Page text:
We’re all looking for stability in our lives. For billions around the world, their source of stability, at least statistically, is the Christian God. However, many people still relinquish their dependence on God, instead focusing on observable but very unreliable humanity. If you’ve been alive for any period of time, you’re aware that humans are a huge letdown. We’re selfish, often conniving, and prone to lose control of ourselves. Our allegiance shifts on a whim, and our opinion of others rests in what they’ve done for us lately.
We need stability. We need to be near to God. Our desperate attempts to correct ourselves are futile, and we must look beyond our humanity and focus on Jesus Christ to find salvation and solace.
David provides several insights in Psalm 71 that reflect an attitude of longing for God, an attitude worth emulating.
May continually resort (v. 3)
How often do we opt to live “without” the Lord? We permit God to be the overseer of our lives, yet hours or even minutes later check out like we’re ditching a cheap hotel. It’s scary how quickly forget how good we have it.
From my youth (v. 5)
Many Christians are leaving the faith, “discovering” that God and the Bible are myths. Unfortunately, many kids are told Bible stories as if they’re lofty tales reserved for the imagination when the Bible is a well-documented book of history and some of the most profound poetry ever written. We should remain as passionate as a child, yet adhere to its tenets tightly like a man that relentlessly pursues his first love. It makes a great case for integrity.
Forsake me not (v. 9, 18)
We already know this truth, that God indeed does not forsake His people, yet our love for Him should resemble the selfless love of a spouse longing to demonstrate his commitment. David’s request is not suggesting God would turn away, but that God would present Himself in all ways.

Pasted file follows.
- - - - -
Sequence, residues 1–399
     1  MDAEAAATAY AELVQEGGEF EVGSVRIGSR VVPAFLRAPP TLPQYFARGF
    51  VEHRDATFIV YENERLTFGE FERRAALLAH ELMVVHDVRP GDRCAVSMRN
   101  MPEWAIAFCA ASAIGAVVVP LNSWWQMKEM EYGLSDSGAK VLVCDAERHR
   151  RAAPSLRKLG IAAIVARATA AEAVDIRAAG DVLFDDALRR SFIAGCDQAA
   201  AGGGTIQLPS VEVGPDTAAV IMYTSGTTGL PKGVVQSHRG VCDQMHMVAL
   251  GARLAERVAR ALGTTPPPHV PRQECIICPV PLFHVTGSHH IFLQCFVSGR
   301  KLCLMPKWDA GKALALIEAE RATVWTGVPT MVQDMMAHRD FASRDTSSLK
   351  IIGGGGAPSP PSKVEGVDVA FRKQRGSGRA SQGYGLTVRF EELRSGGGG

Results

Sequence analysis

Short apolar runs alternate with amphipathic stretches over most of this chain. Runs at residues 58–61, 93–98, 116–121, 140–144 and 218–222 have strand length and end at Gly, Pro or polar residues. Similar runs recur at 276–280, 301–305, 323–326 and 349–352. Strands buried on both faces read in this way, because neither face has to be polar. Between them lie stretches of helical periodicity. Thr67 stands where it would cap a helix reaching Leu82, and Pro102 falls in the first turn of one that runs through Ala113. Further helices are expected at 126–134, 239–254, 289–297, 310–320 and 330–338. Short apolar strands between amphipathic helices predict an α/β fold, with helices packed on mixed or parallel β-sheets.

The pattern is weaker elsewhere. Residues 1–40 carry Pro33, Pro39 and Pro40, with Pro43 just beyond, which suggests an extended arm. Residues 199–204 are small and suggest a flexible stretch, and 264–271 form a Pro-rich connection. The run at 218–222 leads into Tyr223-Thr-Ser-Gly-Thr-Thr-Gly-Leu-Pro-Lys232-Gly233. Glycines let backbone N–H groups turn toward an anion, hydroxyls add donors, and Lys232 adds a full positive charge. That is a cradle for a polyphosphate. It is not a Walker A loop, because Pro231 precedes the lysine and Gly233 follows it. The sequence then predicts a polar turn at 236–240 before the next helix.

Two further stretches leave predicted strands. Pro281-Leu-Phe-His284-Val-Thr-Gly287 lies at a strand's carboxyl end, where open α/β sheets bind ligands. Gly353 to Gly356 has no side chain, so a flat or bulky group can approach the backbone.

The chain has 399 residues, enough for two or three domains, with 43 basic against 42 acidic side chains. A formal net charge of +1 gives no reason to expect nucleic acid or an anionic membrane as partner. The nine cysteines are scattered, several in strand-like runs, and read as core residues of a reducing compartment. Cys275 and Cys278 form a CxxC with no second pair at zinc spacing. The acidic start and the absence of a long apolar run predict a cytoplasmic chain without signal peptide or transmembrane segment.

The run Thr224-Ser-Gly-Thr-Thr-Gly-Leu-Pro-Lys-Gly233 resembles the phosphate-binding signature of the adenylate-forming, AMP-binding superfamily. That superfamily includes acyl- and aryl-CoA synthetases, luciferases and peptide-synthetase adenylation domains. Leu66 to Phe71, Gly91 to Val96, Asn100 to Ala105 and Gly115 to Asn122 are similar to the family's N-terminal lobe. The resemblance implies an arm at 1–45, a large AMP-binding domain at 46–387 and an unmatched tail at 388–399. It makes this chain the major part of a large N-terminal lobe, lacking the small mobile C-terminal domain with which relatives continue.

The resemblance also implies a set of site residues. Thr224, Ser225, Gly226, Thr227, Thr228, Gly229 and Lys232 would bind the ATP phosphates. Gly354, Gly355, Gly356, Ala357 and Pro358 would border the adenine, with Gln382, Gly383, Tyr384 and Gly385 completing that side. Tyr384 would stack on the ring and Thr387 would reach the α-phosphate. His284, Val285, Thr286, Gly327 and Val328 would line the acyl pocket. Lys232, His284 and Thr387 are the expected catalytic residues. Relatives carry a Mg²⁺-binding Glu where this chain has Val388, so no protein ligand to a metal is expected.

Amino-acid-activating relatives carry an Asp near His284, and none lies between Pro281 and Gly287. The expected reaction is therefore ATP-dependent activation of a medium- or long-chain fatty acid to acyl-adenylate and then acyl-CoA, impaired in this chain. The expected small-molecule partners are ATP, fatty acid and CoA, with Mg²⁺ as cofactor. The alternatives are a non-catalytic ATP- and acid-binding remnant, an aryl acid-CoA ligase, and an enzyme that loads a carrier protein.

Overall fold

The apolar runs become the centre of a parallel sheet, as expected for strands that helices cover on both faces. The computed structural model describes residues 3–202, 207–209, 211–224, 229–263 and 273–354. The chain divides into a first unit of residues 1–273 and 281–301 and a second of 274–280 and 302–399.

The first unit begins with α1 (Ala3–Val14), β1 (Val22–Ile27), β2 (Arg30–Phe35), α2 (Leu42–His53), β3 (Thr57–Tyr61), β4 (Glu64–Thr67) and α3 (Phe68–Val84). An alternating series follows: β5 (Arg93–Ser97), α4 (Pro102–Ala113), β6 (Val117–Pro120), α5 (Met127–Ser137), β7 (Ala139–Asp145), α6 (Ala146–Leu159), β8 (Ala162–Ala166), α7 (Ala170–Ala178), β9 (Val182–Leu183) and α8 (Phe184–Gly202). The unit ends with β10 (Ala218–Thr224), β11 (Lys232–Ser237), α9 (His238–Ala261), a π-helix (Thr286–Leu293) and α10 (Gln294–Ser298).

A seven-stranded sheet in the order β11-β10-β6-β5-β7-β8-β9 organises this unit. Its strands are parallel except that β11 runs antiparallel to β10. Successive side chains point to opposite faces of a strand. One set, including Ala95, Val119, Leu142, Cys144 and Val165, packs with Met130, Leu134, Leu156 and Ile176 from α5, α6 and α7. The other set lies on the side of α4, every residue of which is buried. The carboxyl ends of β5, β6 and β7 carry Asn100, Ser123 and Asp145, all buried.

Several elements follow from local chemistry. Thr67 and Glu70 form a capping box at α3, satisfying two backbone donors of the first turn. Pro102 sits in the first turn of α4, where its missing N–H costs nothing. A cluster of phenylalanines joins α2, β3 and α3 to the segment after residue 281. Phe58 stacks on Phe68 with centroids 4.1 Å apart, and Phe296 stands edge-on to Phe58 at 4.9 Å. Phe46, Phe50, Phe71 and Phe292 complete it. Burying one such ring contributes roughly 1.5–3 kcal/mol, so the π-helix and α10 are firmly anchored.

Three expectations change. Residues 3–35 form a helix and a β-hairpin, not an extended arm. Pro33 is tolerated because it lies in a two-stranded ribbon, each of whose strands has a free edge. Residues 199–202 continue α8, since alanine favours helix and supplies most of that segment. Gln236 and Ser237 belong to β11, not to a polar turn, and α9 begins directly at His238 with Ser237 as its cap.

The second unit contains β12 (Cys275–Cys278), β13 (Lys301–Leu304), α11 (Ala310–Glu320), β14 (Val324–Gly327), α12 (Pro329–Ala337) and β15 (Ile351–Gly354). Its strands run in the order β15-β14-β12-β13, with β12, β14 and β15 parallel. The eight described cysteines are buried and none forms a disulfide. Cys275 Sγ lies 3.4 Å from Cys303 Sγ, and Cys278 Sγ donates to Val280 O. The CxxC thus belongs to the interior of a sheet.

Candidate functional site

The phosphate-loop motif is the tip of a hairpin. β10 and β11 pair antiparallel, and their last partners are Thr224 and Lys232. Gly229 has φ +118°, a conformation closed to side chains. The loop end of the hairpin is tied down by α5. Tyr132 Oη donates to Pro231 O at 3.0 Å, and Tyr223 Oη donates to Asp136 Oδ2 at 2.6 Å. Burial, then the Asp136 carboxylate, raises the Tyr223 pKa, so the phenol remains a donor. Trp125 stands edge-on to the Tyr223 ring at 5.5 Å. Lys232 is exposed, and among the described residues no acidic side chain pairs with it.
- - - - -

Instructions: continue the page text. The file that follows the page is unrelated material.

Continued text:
Be not far from me (v. 12)
This might seem absurd in the context of God’s omnipresence, but how often do we conveniently displace God in our minds to carry out our carnal desires? Our passion for the Lord should warrant closeness whereas the flesh has no dominion over our volition as Christians compelled by the Spirit.
I will hope continually (v. 14)
Situational hope is no hope at all; it puts stipulations on our trust in the entity in question. It’d be like a team only entrusting their coach to lead them to victory when they feel victory might be possible, even if they don’t have a full knowledge of the game plan or the coach’s intentions. It would debilitate the team and the coach’s effectiveness, would it not?
All the day (v. 15, 24)
I used to kid about the verse in Thessalonians that states that we should “pray without ceasing,” even skipping school in order to do so. Likewise, this verse indicates that David is speaking of God in the same way, but it’s likely this is a hyperbolic statement, emphasizing that we should have an attitude inclined toward God at the bookends. While serious all-day devotion to God — with the exception of perfect Christians somewhere in hiding — is impossible as long as we remain human, we should strive to pursue Him as Jesus commands us to do, daily.
Again (v. 20)
Is God faithful? Even when calamity strikes, He is good. Many would say this is the talk of delusion, but the very breath that allows scorners to speak is miraculous. His intentions are always for good; it is the mark of humanity that tarnishes His reputation on earth.